It’s not just BMW that is reinventing the cars it’s most known for. Its youthful subsidiary Mini has also redesigned its three-door hatch entirely, now sporting the name most people called it anyway—the Mini Cooper. It’s also now fully electric, sporting several upgrades over the cute but flawed current-generation Cooper SE.
Firstly, it should be noted that the new Mini Cooper isn’t a pure BMW product. In fact, it’s been developed in partnership with Great Wall Motor (GWM), which currently sells the also-electric Ora Good Cat in Malaysia. Not that the new car is in any way related to the Good Cat—it’s built on a new platform and will be produced at a new plant in Zhangjiagang, China.
Just like its predecessor, this latest model is front-wheel drive only, with a single motor producing 135kW (181hp) and 290Nm of torque in base Cooper E trim. That’s 20Nm more than the outgoing Cooper SE, although the zero-to-100km/h acceleration time is identical at 7.3 seconds. You can at least forget about the old car’s paltry 232km range, as the much larger 40.7kWh battery brings with it a significant boost in range, albeit only up to 305km on the WLTP cycle.
If you want more power and/or range, you’ll have to step up to the new Cooper SE, which churns out 160kW (215hp) and 330Nm. So equipped, the car scoots to 100km/h in 6.7 seconds, while a 54.2kWh battery delivers a claimed range of 402km. As for charging, the Cooper E supports up to 75kW of DC fast charging power (up from 50kW before), while the Cooper SE bumps that up to 95kW; both will charge the battery from 10 to 80% in 30 minutes. Maximum AC charging remains the same at 11kW.
While the new Mini Cooper retains the same upright, wheel-at-each-corner stance as its predecessor, the brand’s unmistakable design language has seen a wholesale revamp. Gone is the clamshell bonnet, front fender “scuttles”, black wheel arch extensions and dependence on chrome components—all part of the company’s new “Charismatic Simplicity” design language.
Continuing with the reductive theme, the car sports flush door handles (helping the Mini Cooper achieve a drag coefficient of 0.28), black undersides and triangular taillights that are joined together by a black strip. You still, of course, get round headlights, a large hexagonal grille, a wraparound window design and an available contrasting finish for the roof and door mirrors.
Inside, Mini has taken the minimalist ethos to the next level, dispensing with even the instrument cluster, just like Tesla. Vehicle data such as speed, battery charge and range is instead shown at the top of the circular centre touchscreen, a 9.4-inch OLED panel produced by Samsung Display. Unlike Tesla, the Mini Cooper can at least be optioned with a head-up display.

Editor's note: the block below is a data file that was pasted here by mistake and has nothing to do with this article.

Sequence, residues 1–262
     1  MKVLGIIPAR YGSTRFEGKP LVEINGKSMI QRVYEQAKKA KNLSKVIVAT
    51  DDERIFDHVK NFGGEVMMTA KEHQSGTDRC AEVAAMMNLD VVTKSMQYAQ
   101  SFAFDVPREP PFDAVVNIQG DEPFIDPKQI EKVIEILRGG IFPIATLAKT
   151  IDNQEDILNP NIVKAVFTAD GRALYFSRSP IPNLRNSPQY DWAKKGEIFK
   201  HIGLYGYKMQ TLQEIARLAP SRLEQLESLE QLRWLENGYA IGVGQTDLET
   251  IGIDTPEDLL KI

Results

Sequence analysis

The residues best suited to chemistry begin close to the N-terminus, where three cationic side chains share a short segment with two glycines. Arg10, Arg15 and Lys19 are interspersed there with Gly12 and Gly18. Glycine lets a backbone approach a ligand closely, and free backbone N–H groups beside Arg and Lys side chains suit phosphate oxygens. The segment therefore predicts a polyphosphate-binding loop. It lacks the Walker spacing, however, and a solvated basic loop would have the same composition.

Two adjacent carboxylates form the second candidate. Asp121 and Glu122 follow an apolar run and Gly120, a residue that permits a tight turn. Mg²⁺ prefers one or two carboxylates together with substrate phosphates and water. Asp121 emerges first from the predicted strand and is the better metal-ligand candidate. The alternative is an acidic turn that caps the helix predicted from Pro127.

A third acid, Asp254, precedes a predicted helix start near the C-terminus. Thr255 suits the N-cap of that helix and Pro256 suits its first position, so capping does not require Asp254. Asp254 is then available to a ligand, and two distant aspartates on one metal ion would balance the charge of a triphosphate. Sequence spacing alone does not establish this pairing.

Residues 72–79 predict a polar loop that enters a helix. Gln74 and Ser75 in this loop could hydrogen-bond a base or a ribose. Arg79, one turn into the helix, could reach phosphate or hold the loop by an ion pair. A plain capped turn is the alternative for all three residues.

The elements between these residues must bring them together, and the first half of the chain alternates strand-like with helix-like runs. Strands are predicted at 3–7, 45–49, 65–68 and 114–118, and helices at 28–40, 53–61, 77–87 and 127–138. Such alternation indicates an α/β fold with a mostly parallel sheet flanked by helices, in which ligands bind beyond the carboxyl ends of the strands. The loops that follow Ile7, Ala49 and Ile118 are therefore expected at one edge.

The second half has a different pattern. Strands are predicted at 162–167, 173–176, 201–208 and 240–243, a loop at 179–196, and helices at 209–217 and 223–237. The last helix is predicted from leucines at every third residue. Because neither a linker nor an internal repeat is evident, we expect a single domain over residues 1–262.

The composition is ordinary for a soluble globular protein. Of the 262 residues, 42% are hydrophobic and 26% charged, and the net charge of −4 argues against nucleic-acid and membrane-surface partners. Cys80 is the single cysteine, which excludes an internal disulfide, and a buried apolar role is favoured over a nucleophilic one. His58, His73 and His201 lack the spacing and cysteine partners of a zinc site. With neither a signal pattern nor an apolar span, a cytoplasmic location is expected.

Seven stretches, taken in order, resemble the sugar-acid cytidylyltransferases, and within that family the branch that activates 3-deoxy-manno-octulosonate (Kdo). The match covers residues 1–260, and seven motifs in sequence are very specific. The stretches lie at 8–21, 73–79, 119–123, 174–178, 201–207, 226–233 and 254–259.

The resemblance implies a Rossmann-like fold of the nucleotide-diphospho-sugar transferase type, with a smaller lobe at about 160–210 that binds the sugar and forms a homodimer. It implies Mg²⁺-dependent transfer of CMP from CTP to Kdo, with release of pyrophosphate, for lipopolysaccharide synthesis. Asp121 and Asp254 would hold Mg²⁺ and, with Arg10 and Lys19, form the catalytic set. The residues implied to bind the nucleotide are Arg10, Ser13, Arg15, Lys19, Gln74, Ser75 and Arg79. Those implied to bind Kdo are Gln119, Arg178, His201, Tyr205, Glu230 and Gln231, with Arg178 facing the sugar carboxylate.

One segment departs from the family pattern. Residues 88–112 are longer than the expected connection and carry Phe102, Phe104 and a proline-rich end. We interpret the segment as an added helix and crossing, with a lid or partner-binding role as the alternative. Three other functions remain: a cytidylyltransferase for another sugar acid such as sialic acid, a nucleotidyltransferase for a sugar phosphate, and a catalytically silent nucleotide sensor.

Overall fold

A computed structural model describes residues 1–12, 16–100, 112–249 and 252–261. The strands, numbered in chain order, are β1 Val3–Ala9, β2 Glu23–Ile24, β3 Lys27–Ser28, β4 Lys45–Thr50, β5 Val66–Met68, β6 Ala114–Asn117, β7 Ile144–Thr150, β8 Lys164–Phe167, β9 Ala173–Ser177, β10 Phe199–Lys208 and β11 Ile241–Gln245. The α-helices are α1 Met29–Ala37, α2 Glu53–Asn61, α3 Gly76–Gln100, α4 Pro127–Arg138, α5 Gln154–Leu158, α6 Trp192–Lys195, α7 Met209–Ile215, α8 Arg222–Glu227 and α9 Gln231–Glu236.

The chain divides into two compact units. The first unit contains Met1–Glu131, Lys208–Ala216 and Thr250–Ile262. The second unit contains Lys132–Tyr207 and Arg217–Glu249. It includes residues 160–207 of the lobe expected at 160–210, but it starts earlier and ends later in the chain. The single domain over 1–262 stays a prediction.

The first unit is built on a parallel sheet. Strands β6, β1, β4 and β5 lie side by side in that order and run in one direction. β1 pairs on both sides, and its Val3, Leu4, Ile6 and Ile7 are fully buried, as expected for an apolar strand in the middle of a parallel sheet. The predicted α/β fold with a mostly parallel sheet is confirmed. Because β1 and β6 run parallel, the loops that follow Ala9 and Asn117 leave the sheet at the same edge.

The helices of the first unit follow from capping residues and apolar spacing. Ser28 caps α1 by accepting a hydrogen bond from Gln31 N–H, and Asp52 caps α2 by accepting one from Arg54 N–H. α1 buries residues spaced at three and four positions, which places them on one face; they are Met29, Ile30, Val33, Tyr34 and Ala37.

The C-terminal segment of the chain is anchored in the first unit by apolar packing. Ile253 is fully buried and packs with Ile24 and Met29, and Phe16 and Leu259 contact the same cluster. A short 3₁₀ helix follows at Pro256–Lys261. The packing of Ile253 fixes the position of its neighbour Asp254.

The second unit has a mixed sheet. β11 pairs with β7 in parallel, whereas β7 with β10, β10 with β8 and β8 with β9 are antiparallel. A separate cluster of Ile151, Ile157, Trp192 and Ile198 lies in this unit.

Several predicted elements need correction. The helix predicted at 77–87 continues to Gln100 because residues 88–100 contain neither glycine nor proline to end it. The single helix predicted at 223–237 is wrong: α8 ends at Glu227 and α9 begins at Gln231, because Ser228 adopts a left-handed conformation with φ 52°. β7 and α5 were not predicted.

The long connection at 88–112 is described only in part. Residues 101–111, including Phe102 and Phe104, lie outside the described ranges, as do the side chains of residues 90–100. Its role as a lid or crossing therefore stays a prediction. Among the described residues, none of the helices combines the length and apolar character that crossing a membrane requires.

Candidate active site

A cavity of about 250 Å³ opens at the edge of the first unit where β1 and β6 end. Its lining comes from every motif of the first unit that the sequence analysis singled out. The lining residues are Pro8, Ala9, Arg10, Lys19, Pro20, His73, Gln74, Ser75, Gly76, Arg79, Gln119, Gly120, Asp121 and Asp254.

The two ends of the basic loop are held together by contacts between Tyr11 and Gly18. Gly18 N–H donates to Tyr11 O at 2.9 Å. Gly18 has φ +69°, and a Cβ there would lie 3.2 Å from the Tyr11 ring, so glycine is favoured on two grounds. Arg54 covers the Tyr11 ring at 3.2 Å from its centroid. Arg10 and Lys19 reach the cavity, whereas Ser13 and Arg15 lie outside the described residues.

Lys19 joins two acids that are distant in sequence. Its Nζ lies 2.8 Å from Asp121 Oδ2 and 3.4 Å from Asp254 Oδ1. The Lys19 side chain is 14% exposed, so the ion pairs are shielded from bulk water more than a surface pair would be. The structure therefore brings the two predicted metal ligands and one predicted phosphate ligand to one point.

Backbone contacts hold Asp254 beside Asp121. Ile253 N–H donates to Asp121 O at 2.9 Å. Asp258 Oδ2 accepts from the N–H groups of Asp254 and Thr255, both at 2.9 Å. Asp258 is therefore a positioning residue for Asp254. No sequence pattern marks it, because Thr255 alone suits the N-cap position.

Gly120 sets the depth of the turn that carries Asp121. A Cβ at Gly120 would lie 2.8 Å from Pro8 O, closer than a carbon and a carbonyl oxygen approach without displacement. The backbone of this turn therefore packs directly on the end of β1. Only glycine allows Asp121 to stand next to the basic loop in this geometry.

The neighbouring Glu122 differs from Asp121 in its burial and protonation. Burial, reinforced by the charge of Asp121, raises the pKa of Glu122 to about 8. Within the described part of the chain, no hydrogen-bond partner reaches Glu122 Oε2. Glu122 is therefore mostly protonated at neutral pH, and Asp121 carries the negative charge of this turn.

The touchscreen runs on the Mini Operating System 9, an Android-based full-touch interface that eliminates the rotary controller on the centre console. It incorporates the air-conditioning controls, a cloud-based navigation system (optionally available with augmented reality directions), widgets on the home screen, a row of menu and shortcut buttons at the bottom and a “Hey Mini” voice control system.
Tapping on the speed readout brings up a full speedometer, power and battery charge display. Just like on the new BMW 5 Series, you can play games such as Overcooked on the touchscreen when stationary, thanks to a partnership with AirConsole.
You can also spec the Mini Cooper with a projector behind the touchscreen, displaying coloured patterns on the fabric-trimmed dashboard; you can even match the colour to a wallpaper on the display, which can be added through a smartphone app. Elsewhere, you’ll find slim air-con vents, a key-like twist knob to start the car and fabric and/or faux leather upholstery options, along with an optional panoramic glass roof.
As the Cooper is still a small car, the boot is still tiny, and actually, the 200 litres of luggage space is less than what you get in the current petrol-powered model (211 litres). Still, you can at least fold the 60:40-split rear seats to boost cargo-carrying capacity to 800 litres. Unlike many other EVs, there’s no front boot to offset the lack of space in the rear.
Minis are known to be fun to drive, so the new Cooper features springs and dampers tuned for spirited handling, along with wider tyre options, highly preloaded anti-roll bars and a front strut brace. Drivers can choose between Core, Green and Go-Kart drive modes (or “Experiences”), which not only adjust the throttle but also the steering response and even the stability control intervention. You also get new driving sounds on the inside.
The Mini Cooper continues to be available with the usual driver assists, including a revised park assist that can better identify parking spaces and even initiate parking manoeuvres automatically. A remote parking function is also available, operable using a smartphone app.